Revealed as Father
We are familiar with the story of the Exodus, the plagues and such. But why do the plagues culminate in the striking down of the first born sons of Egypt? In the Exodus, Moses came to Pharaoh to announce to him that Israel was the Lord’s son and that the Lord was Israel’s father. If Pharaoh didn’t let Israel go, then God was going to strike down Pharaoh’s first born, a proportional judgment (Ex. 4:21-22). Jesus taught us to pray to God as Father, “Our Father, who art in heaven. . .” (Mat. 6:9). So our relationship to God is, in one sense, the relationship of children to their Father.
A Fallen Image
This metaphor, that of fatherhood, is an image used by God to teach us something about what God is like, an image built into creation. Earthly fathers are a reflection of what our heavenly Father is like. This is problematic, since these are fallen images. And the fact that they are fallen can make the whole thing offensive. Many people hear about a God who is an omniscient, omnipotent version of their earthly dad and they say ‘no thanks.’The problem is that you can’t just edit fathers out of how we have been made. We were created in the image of God and so fatherhood and a need for fatherhood is built into us. Both good and bad fathers reveal something about God the Father.
First, we need the love of a father. God has built this into our souls. This is how fathers, by common grace, instinctively feel about their children. Jesus shows us how the love of our earthly fathers points to the love of our heavenly Father in Luke 11:9-13, via the Jewish “Kal vaChomer” argument.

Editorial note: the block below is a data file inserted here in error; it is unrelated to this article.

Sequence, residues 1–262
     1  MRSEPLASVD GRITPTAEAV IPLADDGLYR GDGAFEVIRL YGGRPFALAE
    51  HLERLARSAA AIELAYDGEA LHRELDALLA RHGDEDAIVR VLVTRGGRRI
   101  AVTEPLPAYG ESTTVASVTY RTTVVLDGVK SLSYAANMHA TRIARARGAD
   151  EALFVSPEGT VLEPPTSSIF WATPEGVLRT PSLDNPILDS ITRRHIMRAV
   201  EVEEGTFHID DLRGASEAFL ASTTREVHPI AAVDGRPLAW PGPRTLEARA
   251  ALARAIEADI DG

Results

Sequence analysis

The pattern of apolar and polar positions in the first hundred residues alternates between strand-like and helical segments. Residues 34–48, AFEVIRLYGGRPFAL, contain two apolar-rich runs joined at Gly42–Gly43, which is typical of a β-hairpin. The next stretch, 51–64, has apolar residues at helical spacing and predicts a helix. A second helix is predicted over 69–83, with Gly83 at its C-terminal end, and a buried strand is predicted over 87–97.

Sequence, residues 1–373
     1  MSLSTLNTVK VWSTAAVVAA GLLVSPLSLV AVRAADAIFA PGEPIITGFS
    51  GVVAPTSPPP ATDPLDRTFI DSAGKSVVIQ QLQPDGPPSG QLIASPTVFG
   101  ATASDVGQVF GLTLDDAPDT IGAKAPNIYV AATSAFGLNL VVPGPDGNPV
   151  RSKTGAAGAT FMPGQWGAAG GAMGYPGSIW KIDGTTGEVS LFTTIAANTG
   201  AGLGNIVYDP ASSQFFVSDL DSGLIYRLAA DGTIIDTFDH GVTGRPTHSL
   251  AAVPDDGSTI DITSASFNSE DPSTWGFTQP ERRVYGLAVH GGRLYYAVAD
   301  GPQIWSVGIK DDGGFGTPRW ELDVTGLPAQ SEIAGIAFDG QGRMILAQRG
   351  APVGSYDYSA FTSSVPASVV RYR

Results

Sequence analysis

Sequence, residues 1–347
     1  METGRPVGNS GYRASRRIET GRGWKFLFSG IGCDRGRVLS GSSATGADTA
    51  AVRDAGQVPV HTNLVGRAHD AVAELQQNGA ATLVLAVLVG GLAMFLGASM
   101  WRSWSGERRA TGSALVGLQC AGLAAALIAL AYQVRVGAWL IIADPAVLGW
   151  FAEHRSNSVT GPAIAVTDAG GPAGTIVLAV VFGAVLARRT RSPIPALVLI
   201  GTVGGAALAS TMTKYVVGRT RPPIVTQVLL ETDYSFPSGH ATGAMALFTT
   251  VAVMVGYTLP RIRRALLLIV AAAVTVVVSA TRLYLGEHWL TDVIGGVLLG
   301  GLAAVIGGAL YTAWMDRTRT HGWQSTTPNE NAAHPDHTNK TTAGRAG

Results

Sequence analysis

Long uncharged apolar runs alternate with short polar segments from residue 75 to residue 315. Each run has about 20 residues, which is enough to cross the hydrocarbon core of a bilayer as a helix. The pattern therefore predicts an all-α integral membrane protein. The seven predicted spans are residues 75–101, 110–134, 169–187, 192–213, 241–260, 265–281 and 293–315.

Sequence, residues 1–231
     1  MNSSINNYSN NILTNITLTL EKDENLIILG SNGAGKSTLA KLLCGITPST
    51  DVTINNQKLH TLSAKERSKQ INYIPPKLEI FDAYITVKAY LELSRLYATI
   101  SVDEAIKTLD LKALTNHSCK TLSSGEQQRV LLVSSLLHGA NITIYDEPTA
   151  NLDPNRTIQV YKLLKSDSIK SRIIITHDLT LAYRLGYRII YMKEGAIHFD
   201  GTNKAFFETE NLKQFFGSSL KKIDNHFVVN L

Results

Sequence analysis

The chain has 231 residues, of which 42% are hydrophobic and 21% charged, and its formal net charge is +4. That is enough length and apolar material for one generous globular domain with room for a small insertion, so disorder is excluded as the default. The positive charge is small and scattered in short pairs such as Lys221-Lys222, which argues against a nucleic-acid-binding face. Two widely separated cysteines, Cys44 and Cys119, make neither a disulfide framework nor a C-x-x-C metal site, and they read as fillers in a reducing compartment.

Second, not only do fathers love their children, they delight in them. Delight is really just the manifestation of this love. This is all a reflection of the ultimate father / son relationship – God the Father and God the Son (Mat. 3:17). Because fathers can allow their love to grow cold, what began as an intense love for their children does not manifest itself as delight, at least not in the conscious lifetime of their children. This leaves a void that only the heavenly Father can fill.
And lastly, because fathers love and delight in their children, they seek out their children. Loving parents will endanger themselves to save their children. God sought out Israel in Egypt, because Israel was his son. But our earthly fathers are fallen. And the same man who would have given his life to save his child in a house fire, will later sinfully sit and watch his children walk away from the faith with no effort on his behalf to pursue. But our heavenly father is not like this.
Ironically, our heavenly Father has pursued us by becoming a father to us. He has saved us though his fatherhood. He sent his own son, Jesus, so that he could become a brother to us (Heb. 2:14-17). And in becoming our brother, Jesus has shared his sonship with us, so that his father, God the Father could become our father (Gal. 4:4-7). Through this union with Christ we have God the Father as a perfect Father. We are loved, as the Son is loved. The Father delights in us, as he delights in the Son. The Father is pursuing us to deliver us, as he did his Son Jesus, and his son Israel.
He is a model for us to emulate to our own children. And he is the perfect fulfilment of the type that our own fathers were for us. Where we fall short in this work, our children still have a perfect father above us, to whom we must be pointing them. And where our own earthly fathers have failed us, we have a perfect father, who loves us, delights in us, and has pursued and saved us.